Diana Trilling—difficult, imperious, ‘fierce and not elegant,’ haughty, domineering, ambitious and witty; a ‘family feminist’; wife, mother, essayist, and editor; anticommunist and anti-McCarthy: she was all of this, and so much more. Robins’ incisive and illuminating biography offers us a vitally revealing perspective on more than a half-century of culture wars and the New York intellectuals who so delighted in fighting them. David Nasaw, author The Patriarch: The Remarkable Life and Turbulent Times of Joseph P. Kennedy and Andrew Carnegie
The Untold Journey possesses a novelistic vividness and immediacy. Robins makes Diana Trilling, in all her complexity, come alive on the page. A thoroughly absorbing book about one of the most famous American intellectuals of the second half of the 20th century. Ross Posnock, Columbia University
Plunging straight into Trilling’s story, Robins never fails to entertain as she guides readers adeptly through the midcentury world of the New York Jewish intelligentsia. She even offers a twist ending for Lionel. Robins treats Trilling even-handedly. . . . The book is a fine, important treatment of an undervalued thinker. Publishers Weekly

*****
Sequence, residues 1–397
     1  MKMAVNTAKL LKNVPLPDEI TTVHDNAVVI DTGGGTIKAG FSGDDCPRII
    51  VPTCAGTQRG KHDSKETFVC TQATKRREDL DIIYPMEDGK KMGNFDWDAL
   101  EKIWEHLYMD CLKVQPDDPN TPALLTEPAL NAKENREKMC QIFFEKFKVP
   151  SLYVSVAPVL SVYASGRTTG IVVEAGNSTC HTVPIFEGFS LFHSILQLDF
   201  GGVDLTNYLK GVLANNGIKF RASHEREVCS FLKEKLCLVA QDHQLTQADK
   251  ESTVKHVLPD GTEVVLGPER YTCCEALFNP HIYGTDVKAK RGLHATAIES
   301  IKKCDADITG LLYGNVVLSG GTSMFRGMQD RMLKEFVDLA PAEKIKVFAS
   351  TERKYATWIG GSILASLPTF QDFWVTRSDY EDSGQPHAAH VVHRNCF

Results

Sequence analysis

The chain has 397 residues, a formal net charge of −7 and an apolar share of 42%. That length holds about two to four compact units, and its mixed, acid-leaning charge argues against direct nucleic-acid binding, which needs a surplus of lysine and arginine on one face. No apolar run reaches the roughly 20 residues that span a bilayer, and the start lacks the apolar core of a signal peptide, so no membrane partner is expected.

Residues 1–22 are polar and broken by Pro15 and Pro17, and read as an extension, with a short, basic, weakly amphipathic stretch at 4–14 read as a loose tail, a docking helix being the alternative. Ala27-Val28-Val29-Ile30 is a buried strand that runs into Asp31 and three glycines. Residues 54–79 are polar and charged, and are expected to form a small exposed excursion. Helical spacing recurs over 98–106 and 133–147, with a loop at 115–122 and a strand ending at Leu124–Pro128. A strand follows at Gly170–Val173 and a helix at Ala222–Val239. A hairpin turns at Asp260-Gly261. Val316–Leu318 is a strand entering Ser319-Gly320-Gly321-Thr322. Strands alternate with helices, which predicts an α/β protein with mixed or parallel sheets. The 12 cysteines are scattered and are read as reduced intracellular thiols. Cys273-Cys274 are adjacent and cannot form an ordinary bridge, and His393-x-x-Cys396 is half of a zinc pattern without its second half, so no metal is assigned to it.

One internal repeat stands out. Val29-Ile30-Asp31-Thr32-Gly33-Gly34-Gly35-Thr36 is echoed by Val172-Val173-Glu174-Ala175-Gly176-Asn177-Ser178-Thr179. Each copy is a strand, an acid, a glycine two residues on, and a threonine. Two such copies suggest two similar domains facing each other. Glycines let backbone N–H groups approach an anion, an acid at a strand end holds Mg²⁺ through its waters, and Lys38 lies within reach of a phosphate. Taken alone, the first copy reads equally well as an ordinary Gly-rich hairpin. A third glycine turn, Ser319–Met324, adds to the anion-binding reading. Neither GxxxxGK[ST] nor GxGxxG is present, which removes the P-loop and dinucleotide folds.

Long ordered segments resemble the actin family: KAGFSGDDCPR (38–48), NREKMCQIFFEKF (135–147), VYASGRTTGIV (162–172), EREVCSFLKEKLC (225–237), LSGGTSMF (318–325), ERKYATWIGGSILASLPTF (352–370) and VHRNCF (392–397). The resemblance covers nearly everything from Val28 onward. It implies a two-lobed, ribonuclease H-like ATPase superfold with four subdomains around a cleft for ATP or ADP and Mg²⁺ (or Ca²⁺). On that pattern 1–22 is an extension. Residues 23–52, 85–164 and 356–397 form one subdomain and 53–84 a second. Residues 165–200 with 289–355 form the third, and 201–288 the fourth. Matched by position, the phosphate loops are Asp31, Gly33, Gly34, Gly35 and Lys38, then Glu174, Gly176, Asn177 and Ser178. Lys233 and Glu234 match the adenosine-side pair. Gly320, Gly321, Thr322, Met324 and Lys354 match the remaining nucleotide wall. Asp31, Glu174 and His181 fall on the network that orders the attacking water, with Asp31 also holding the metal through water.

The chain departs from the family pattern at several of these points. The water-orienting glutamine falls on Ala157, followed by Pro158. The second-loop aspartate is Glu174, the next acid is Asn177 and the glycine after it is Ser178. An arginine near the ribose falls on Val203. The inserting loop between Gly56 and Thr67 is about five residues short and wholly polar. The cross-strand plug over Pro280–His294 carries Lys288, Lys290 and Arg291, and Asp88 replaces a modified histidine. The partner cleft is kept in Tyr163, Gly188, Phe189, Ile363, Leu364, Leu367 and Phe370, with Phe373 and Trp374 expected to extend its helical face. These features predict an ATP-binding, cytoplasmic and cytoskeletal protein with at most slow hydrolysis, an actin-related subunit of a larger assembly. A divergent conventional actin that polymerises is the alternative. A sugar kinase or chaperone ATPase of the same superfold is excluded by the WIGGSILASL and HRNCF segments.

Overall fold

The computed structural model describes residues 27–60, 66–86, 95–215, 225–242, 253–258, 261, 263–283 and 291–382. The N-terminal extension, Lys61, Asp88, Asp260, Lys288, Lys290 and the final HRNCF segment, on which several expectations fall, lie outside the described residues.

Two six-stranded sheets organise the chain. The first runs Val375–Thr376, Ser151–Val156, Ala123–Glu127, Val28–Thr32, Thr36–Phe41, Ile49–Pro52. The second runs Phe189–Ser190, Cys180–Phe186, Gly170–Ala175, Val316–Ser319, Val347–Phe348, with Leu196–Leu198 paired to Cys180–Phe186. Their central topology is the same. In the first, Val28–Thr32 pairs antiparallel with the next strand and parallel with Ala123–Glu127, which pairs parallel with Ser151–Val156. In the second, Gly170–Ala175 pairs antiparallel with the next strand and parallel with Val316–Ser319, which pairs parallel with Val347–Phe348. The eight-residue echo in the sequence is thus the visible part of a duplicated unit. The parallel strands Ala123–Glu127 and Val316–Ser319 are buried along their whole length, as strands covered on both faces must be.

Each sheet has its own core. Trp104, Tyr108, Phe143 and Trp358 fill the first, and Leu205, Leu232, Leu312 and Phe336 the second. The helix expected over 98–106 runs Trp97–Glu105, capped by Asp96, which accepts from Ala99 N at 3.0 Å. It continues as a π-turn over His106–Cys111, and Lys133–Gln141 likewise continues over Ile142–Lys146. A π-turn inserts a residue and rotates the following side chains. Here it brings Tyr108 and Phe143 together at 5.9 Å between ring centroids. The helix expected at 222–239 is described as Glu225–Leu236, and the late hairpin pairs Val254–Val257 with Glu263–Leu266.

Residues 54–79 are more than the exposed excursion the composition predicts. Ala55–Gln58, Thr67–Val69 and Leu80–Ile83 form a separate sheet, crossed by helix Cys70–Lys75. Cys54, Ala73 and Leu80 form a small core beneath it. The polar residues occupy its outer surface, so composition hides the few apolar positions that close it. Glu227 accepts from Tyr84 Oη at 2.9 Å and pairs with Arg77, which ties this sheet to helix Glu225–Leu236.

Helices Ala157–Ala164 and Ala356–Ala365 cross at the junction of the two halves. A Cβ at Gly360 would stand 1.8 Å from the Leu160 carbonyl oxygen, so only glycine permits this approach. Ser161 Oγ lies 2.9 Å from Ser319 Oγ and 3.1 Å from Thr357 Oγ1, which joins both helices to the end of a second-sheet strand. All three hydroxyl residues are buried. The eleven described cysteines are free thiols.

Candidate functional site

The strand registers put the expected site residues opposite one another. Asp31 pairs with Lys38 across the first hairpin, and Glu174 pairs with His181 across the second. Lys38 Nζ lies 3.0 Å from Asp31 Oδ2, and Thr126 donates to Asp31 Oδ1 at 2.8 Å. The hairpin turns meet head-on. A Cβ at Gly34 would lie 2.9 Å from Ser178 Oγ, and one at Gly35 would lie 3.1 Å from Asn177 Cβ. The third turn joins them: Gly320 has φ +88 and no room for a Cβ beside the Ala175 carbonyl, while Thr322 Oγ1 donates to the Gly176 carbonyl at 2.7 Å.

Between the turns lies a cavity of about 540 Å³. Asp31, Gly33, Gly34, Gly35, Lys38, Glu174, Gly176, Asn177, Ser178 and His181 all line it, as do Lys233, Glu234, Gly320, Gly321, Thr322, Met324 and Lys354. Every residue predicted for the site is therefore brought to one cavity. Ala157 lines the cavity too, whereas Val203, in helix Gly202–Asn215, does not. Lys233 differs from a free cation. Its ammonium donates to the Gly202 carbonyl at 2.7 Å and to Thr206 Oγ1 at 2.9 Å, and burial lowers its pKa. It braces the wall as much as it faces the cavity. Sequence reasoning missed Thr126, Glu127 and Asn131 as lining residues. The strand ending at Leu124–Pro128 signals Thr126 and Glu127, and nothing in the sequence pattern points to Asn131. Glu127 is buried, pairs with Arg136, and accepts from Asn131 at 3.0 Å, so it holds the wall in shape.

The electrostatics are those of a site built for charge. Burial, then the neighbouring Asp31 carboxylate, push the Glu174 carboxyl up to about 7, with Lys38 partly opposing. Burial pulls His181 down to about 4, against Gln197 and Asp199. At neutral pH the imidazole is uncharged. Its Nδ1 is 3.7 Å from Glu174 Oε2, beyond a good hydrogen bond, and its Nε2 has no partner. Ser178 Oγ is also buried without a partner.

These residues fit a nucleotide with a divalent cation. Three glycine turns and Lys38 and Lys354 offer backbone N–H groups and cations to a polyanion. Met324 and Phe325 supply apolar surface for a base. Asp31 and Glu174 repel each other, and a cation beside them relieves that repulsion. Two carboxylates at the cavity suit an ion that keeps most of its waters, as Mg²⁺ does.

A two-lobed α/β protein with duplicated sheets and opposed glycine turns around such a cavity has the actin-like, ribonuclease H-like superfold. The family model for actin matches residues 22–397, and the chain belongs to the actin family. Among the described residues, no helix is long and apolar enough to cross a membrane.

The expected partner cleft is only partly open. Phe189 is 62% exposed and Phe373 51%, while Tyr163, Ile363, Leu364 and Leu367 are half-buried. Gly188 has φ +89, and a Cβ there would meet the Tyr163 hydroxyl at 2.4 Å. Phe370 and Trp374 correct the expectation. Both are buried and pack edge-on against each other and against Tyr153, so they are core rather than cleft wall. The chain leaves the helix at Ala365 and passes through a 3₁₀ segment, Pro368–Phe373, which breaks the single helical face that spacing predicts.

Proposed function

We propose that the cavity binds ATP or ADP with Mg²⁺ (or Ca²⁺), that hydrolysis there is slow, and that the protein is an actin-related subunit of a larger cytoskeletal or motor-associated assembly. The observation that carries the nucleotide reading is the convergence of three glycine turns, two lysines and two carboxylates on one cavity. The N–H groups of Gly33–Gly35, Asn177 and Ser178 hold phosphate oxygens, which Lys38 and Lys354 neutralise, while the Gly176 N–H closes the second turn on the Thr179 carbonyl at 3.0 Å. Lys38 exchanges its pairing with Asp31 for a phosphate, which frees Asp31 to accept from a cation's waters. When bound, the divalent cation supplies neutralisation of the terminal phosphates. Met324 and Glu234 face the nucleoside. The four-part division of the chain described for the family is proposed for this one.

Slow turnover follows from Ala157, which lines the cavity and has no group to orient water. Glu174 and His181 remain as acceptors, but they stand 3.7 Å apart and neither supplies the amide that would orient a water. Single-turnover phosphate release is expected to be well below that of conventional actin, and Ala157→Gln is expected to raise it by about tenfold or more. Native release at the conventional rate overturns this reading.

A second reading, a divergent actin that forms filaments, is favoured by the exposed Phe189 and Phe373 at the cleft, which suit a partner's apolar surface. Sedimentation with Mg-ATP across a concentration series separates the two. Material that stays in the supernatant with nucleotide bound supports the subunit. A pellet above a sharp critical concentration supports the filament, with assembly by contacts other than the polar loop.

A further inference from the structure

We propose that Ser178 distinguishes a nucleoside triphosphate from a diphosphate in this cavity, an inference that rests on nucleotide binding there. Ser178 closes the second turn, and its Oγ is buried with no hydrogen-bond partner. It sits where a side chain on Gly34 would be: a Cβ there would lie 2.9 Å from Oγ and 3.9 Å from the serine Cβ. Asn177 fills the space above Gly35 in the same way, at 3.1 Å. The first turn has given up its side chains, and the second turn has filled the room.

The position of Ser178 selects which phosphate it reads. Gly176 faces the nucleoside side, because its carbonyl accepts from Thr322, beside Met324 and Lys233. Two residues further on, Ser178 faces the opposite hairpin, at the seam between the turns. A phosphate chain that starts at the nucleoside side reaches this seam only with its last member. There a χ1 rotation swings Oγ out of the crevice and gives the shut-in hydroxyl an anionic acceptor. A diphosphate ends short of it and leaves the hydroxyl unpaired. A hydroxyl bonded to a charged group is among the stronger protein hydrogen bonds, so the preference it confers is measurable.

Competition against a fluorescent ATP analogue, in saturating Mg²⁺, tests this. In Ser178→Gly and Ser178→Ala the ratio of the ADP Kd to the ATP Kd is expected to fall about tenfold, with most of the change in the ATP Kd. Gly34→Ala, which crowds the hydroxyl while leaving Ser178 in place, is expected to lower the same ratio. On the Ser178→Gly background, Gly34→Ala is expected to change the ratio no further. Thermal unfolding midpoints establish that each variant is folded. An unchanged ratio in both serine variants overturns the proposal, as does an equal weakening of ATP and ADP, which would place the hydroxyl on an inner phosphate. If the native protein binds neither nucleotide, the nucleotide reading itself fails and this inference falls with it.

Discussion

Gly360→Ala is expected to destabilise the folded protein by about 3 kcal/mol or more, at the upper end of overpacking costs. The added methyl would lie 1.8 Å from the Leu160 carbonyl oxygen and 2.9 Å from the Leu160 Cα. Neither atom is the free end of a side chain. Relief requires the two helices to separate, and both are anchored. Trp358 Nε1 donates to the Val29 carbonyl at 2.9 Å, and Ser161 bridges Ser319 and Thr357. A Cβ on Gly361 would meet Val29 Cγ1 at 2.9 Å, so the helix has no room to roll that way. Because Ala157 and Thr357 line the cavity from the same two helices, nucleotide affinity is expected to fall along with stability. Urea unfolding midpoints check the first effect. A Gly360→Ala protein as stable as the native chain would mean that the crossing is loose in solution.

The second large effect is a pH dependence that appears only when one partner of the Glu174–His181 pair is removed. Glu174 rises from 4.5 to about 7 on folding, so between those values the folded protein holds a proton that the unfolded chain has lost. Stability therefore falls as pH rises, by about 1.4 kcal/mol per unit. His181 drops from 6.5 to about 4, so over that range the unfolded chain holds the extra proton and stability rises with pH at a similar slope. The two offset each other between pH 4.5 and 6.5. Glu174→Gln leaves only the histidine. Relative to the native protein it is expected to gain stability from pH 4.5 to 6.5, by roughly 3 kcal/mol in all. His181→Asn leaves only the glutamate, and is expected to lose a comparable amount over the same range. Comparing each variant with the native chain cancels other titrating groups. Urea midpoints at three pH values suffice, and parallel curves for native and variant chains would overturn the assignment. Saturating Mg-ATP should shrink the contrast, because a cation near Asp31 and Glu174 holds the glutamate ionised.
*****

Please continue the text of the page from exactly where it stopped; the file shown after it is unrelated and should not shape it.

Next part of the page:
Robins does a solid job of rehabilitating a significant literary and cultural figure of the 20th century, a woman who spent much of her career in her husband’s shadow. Kirkus Reviews
Robins’ book is for the true bibliophile. Meticulously researched and documented, the biography is a detailed foray into the lives of a generation of writers and into the mind of literary critic, writer and intellectual Diana Trilling. Ms.